What is an employer to do?

I recently read a newspaper article concerning the decision of an owner of a bottle shop in Cairns to permanently close the shop’s doors due to safety concerns in respect of employees with the bottle shop having been targeted in a spate of robberies. 


Whilst there may have been other economic considerations concerning the permanent closure of the shop, the owner commented that the reason for the shop’s closure was “it’s just not worth putting up with this safety risk and all the theft anymore”.


In the context of the duty of care that is owed by an employer to an employee, it is interesting to explore what may be reasonably required of an employer in response to a known or foreseeable risk to their employees. 


In very broad terms, the content of the duty of care owed by the employer to an employee includes but is not necessarily limited to:

  • The duty to provide a safe place of work;
  • The duty to provide a safe system of work;
  • The duty to provide proper and safe plant and equipment; and
  • The duty to provide competent staff. [1]

Section 305B Workers Compensation Rehabilitation Act 2003 (Qld) sets out the following:

     (1)    A person does not breach a duty to take precautions against a risk of                          injury to a worker unless –

             (a)     the risk was foreseeable (that is, it is a risk of which the person knew                         or ought reasonably to have known); and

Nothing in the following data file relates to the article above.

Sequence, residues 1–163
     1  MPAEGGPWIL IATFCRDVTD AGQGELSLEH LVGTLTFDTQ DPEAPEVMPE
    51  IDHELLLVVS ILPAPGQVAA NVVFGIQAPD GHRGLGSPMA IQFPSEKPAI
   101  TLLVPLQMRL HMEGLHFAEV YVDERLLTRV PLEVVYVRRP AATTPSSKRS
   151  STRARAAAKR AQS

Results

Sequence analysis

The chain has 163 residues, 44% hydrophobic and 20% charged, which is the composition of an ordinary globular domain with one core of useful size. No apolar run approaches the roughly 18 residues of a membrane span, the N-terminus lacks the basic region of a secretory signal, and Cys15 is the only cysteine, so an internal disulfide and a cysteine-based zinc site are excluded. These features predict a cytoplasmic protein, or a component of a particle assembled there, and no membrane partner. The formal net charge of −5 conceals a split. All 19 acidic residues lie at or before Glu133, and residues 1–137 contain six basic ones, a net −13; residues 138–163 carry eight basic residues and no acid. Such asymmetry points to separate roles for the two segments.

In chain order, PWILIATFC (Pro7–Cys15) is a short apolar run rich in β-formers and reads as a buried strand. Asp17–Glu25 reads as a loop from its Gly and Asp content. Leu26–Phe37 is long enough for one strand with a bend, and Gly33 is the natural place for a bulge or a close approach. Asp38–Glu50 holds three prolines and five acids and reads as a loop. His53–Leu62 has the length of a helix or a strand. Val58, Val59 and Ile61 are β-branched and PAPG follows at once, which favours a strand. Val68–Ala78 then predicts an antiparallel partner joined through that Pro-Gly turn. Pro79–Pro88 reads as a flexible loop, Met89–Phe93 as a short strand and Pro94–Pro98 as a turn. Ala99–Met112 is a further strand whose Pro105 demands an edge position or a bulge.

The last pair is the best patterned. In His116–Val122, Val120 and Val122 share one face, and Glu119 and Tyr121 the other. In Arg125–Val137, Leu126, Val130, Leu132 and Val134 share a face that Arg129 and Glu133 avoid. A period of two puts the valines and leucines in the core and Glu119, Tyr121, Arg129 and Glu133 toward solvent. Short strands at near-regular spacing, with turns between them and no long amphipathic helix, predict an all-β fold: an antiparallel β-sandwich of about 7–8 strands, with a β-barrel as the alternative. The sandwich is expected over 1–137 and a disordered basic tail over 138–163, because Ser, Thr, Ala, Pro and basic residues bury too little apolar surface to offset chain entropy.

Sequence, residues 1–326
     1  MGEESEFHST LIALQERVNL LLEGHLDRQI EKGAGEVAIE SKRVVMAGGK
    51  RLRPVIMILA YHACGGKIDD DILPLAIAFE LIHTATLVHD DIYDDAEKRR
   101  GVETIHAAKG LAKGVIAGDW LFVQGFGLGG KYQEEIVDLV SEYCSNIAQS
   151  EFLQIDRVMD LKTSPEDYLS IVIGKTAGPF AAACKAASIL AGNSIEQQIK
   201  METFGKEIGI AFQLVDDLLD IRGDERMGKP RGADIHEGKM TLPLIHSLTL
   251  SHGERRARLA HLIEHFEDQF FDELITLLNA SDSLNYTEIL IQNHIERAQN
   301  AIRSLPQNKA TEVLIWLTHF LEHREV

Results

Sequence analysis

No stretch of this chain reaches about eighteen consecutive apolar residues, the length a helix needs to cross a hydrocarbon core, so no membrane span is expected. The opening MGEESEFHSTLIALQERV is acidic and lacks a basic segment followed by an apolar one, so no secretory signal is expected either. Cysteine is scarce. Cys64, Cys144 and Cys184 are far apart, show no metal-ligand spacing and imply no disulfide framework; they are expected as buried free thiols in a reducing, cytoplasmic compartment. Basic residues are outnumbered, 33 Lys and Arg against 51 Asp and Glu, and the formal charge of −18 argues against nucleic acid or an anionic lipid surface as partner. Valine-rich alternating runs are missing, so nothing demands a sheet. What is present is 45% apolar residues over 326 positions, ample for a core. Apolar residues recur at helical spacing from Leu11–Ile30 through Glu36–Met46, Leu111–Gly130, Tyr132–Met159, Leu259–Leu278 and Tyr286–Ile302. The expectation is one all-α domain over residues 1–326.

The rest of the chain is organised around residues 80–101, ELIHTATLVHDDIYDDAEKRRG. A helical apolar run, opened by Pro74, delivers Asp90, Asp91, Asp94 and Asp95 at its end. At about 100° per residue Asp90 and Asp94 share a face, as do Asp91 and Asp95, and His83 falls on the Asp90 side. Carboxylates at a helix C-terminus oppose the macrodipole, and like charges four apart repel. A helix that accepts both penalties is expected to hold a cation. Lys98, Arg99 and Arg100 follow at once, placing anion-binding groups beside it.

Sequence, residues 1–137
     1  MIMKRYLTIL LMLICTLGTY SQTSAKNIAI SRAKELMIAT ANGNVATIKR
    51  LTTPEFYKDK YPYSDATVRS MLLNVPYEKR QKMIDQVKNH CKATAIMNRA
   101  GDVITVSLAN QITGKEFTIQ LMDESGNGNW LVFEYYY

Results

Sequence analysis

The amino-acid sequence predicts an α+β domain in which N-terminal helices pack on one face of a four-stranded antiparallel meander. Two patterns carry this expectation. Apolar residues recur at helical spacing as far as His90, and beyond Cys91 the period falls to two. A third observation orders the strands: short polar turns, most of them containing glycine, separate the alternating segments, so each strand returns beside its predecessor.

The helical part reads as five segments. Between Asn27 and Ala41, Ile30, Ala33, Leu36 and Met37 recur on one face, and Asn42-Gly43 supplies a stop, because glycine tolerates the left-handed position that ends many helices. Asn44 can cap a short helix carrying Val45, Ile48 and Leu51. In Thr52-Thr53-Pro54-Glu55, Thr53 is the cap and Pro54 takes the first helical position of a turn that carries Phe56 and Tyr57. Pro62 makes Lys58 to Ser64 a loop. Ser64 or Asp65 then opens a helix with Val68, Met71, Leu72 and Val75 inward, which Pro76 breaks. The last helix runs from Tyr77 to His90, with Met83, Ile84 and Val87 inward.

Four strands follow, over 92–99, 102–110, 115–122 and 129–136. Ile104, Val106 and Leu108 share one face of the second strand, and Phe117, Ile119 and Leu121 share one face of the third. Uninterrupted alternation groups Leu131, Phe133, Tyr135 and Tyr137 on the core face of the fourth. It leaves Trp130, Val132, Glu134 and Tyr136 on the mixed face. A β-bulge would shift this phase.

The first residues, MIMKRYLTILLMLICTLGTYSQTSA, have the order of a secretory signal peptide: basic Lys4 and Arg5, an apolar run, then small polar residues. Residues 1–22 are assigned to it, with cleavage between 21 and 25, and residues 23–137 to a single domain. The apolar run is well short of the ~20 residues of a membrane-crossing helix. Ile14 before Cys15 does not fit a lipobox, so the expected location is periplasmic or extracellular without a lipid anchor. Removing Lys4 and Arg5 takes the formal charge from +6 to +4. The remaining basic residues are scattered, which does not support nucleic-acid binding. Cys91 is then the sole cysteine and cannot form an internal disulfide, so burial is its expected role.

(b)     the risk was not insignificant; and

             (c)     in the circumstances, a reasonable person in the position of the                                   person would have taken the precautions.

     (2)   In deciding if a reasonable person would have taken precautions against a                 risk of injury, the court is to consider the following (among other relevant                   things) –

             (a)     the probability that the injury would occur if care were not taken;

             (b)     the likely seriousness of the injury;

             (c)     the burden of taking precautions to avoid the risk of injury.

There is obviously no more burdensome precaution than the actual closing of a
business.  One would think that the probability and seriousness of a potential injury would need to be extreme for a court to determine that the closure of the business was a required precaution to take against the risk of injury to the employee.




There are of course less extreme risks and less extreme precautions required to meet such risks which form part of an employer’s daily consideration of the operation their
business. What an employer is required to do, is to take reasonable steps to identify risks of injury to their employees, implement reasonable and appropriate precautions and systems to guard against such risks and regularly review and enforce such precautions and systems. 


The duty of care owed by an employer to employees is not a duty to guarantee an employee’s safety.  However, it is a high duty, and one which bears careful consideration by employers.




[1] McLean v Tedman (1984) 155 CLR 306

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